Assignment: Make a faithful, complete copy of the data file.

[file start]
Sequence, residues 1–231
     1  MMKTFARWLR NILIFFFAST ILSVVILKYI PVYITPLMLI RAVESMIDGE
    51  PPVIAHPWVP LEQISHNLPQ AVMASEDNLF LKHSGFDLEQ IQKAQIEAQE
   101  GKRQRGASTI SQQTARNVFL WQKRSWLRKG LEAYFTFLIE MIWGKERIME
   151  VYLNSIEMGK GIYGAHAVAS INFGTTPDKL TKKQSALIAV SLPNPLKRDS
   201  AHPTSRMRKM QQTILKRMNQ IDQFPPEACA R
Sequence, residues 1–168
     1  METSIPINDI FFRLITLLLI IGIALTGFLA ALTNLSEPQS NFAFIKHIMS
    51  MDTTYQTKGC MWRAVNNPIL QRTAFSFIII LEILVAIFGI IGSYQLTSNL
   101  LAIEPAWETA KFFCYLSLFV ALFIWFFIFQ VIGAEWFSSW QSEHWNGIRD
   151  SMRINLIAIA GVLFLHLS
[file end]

Sequence, residues 1–231
     1  MMKTFARWLR NILIFFFAST ILSVVILKYI PVYITPLMLI RAVESMIDGE
    51  PPVIAHPWVP LEQISHNLPQ AVMASEDNLF LKHSGFDLEQ IQKAQIEAQE
   101  GKRQRGASTI SQQTARNVFL WQKRSWLRKG LEAYFTFLIE MIWGKERIME
   151  VYLNSIEMGK GIYGAHAVAS INFGTTPDKL TKKQSALIAV SLPNPLKRDS
   201  AHPTSRMRKM QQTILKRMNQ IDQFPPEACA R
Sequence, residues 1–168
     1  METSIPINDI FFRLITLLLI IGIALTGFLA ALTNLSEPQS NFAFIKHIMS
    51  MDTTYQTKGC MWRAVNNPIL QRTAFSFIII LEILVAIFGI IGSYQLTSNL
   101  LAIEPAWETA KFFCYLSLFV ALFIWFFIFQ VIGAEWFSSW QSEHWNGIRD
   151  SMRINLIAIA GVLFLHLS